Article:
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DNA Properties

CSE, Marmara University

mimoza.marmara.edu.tr/~m.sakalli/cse546


Oct/19/09

Computational

Molecular

Biology

Bioinformatics

Genomics

Genomics

Proteomics

Functional

genomics

Structural

bioinformatics

Structural

bioinformatics

Computational

Molecular

Biology

Bioinformatics

Genomics

Genomics

Proteomics

Functional

genomics

Structural

bioinformatics

Structural

bioinformatics

No simple definition of being alive!! (life)..

Reproducing itself, a default mechanism for every alive being

How about computer programs, crystals, and self building and self
learning robotics and computers..


Life on earth is a result of an evolutionary process, and idea is that all
living things have a common ancestor and are related through…


Basic components of evolution:

Inheritance

Variation: defined legal moves in genotype space.

Selection: a probabilistic evaluation function


In Computer Science: DNA is a string of symbols from alphabet
{A,C,G,T}

A search through a very large space of possible organism
characteristics.


And the words built from the four letter alphabet covers all the
inherited

characteristics (called the genotype) of all the organisms.

The Central Dogma in molecular biology

http://proquestcombo.safaribooksonline.com/0596002998/blast
-
CHP
-
2

3 processes: Replication, Transcription, and Translation.

Every cell in our body has 23
chromosomes

in the nucleus and the
genes

in these chromosomes are
responsible for almost all of the characteristics (not merely a physical).

http://www.ncbi.nlm.nih.gov/books/bv.fcgi?rid=mboc4.figgrp.600, by Bruce Alberts, Alexander Johnson, Julian Lewis, Martin Raf
f,
Keith Roberts, and Peter Walter

Figure 4
-
5. The DNA double helix.

(A) A space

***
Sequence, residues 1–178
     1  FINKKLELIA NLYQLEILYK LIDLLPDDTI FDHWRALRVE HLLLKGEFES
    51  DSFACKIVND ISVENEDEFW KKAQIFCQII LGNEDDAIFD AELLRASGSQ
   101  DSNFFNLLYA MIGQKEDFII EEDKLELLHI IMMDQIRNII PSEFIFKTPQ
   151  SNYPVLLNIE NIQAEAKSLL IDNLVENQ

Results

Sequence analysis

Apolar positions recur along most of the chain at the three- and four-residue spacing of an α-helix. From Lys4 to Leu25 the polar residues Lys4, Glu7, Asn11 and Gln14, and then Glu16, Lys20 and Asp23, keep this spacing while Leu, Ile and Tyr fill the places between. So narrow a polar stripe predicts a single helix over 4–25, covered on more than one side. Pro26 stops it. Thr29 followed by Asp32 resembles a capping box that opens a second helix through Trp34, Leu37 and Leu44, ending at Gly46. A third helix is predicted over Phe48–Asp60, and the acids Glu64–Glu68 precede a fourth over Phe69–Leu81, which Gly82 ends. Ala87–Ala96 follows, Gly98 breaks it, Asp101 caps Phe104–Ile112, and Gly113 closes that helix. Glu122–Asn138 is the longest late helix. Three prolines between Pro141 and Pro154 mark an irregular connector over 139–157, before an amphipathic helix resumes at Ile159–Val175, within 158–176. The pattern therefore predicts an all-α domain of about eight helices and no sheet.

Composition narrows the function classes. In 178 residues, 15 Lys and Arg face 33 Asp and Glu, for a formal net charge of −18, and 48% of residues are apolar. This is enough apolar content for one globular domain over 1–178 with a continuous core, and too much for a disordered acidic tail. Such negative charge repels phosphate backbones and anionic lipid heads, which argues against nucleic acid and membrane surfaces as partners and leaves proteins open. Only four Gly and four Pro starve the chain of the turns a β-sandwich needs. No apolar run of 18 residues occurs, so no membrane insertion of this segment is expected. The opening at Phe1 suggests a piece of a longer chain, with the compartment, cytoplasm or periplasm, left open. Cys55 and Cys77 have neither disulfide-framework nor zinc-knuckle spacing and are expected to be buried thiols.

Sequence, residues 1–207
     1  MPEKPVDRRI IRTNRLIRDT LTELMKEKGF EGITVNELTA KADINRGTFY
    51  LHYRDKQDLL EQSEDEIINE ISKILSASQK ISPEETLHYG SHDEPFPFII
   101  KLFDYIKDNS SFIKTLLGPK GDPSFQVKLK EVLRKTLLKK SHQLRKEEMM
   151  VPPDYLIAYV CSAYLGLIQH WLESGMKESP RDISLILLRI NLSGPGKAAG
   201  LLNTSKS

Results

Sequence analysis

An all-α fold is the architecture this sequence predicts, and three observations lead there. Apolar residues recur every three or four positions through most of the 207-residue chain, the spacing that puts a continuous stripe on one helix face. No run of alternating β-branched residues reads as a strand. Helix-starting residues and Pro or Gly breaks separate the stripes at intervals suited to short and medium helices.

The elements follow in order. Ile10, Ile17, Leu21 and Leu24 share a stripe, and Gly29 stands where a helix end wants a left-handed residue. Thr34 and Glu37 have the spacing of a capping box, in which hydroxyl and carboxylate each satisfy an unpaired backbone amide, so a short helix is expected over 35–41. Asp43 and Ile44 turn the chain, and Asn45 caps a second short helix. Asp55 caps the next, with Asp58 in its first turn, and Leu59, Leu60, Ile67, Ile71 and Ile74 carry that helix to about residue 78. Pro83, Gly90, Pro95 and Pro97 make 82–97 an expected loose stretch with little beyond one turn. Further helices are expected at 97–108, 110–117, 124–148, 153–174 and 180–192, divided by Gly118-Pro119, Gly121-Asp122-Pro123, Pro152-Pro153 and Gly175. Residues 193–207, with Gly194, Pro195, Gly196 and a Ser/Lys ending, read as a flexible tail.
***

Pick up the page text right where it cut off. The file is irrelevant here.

-
filling model of 1.5 turns of the DNA double helix. Each turn of DNA is made up of 10.4
nucleotide pairs and the center
-
to
-
center distance between adjacent nucleotide pairs is 3.4 nm. The coiling of the two strands a
round
each other creates two grooves in the double helix. As indicated in the figure, the wider groove is called the major groove,
and

the smaller
the minor groove. (B) A short section of the double helix viewed from its side, showing four base pairs. The nucleotides are
lin
ked
together covalently by phosphodiester bonds through the 3
-
hydroxyl (
-
OH) group of one sugar and the 5
-
phosphate (P) of the nex
t.
Thus, each polynucleotide strand has a chemical polarity; that is, its two ends are chemically different. The 3 end carries
an
unlinked
-
OH
group attached to the 3 position on the sugar ring; the 5 end carries a free phosphate group attached to the 5 position on

th
e sugar ring.


Polymer of:

Ribose sugar

Phosphate

Nitrogenous base

Bases

A, C, G, T

and Uracil

Pairing rule

A (R)


T (Y)

G (R)


C (Y)

PuRine, Pyrimidine

DNA structure and base pairing

Why double
-
stranded!

Chemically and biophysically more stable!!, allows some error correction (backup)
if accidentally damaged

UV irradiation
--
.

Genes (less than 5% of all),
providing the coding information.

Instructions for protein synthesis,

regulatory functions..

Redundancy translates to
robustness!!

Synonymous codons

Dual strands

Diploid


In
translation

the information now
encoded in RNA is deciphered
(translated) into instructions for
making a protein.

Codon: Sets of three nucleotides.